People v. Coulthard, No. H049755 (California Court of Appeal, Sixth District, March 30, 2023): 

A jury convicted defendant David Coulthard of abducting his eight‑year‑old daughter after he failed to return the child to her mother in the United Kingdom. On appeal, Coulthard claimed, inter alia, that for him to be convicted under Cal. Penal Code § 278, the people must show that there was a valid custody order in place. He contends that because the UK High Court's return order “has not been registered it is unenforceable in this state” and “cannot be sufficient to sustain a conviction[.]” The Attorney General argued that any lack of registration pursuant to the UCCJEA “does not invalidate an international custody order.” The Attorney General further asserted that because the “custody order issued in the United Kingdom awarded primary custody to Marie and only visitation to” Coulthard, “[t]he evidence established that Marie Coulthard was M.C.’s lawful custodian and [Coulthard] had no right of custody.” Held: “We are not persuaded that Coulthard's conviction for a violation of section 278 is unsupported by substantial evidence or otherwise legally insufficient because of a failure to register in California any UK court order. ... In any event, the lack of registration in California of either the December 2017 custody order or the return order under the UCCJEA is immaterial to the question of whether the district attorney satisfied the elements of section 278 at Coulthard's trial. As noted above, section 277, subdivision (b), makes no mention of the UCCJEA or any registration requirement under that act when defining a “ ‘[c]ourt order’ or ‘custody order’ ” for the purposes of determining who is a “ ‘[l]awful custodian’ ”(id., subd. (d)) or a person “not having a right to custody” under section 278. Moreover, the UCCJEA does not contain a criminal sanction. Instead, the UCCJEA governs a separate civil legal process for child custody determinations.”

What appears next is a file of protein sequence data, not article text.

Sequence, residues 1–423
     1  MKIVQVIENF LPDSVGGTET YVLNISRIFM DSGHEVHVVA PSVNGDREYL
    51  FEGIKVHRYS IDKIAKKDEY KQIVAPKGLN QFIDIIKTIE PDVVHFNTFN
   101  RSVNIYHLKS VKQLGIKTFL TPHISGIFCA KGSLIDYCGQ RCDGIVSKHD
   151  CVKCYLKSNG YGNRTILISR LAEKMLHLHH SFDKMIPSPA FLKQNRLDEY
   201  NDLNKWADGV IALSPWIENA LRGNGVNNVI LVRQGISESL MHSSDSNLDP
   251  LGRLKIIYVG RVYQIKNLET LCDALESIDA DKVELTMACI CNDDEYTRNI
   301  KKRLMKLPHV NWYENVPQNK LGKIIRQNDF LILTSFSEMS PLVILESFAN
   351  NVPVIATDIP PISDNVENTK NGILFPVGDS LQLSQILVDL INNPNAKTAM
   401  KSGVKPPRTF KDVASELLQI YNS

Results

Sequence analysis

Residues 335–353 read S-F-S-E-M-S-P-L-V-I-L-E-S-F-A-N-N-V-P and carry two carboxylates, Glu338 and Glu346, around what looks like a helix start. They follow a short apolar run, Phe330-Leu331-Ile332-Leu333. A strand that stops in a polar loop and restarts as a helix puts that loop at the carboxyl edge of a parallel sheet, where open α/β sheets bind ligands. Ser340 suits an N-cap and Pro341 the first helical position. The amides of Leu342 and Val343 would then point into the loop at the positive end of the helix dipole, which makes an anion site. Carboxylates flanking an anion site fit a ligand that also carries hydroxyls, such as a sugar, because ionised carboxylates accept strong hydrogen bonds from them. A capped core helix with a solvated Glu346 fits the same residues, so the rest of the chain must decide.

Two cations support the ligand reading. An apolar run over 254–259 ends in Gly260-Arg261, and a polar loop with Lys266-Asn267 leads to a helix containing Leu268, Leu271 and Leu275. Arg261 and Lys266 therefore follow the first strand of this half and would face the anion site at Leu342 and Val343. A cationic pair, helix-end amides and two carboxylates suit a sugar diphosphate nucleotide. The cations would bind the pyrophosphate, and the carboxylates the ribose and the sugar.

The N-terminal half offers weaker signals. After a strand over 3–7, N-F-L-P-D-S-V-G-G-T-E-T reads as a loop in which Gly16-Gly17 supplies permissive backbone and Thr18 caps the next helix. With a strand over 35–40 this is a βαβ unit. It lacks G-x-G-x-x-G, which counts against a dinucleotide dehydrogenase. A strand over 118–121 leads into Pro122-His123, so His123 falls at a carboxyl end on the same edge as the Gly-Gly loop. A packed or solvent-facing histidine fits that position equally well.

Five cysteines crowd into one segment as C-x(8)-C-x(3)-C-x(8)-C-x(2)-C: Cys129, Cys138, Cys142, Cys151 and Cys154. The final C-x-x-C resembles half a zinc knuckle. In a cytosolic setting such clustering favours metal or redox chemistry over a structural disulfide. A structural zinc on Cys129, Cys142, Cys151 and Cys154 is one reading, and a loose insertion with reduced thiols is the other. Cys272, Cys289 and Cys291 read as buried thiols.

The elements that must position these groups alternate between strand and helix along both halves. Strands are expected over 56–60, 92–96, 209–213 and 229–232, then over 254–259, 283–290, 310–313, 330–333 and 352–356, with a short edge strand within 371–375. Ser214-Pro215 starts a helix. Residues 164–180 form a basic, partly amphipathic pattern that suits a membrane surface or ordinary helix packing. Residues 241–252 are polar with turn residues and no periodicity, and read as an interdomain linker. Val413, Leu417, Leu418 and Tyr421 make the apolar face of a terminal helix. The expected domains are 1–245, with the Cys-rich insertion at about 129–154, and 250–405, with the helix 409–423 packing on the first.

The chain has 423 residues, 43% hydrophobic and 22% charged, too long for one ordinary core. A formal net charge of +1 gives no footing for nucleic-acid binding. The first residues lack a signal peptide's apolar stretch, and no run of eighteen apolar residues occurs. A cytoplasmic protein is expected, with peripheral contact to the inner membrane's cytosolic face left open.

Banakar v. Krause, No. 01‑21‑00609‑CV (Texas Court of Appeals, Houston (1st Dist.), March 28, 2023):

The evidence showed that the father’s income for the year before the trial comprised gross earnings from his job with ERC ($9,873.00/mo.); Social Security Retirement benefits ($1,874.28/mo.); Boeing retirement benefits ($2,491.00/mo.); dividends from investment account ($83.33/mo.). However, the father asserted that the trial court should not have included his ERC earnings, because he lost his contract job six weeks before trial. The appellate court held that the father testified at trial that he was one of only “eight people in the world” with expertise in aerospace glass applications, he had worked closely with two NASA employees involved in aerospace glass projects, and he was actively looking for employment. “Viewed in the light most favorable to the trial court's ruling, this testimony supports a reasonable inference that Banakar was likely to obtain new contract work. ...Thus, we conclude that the trial court did not err in considering Banakar's ERC earnings in determining his gross monthly resources.”


In re Estate of Ahmad, No. 778 (Maryland Appellate Court, March 23, 2023):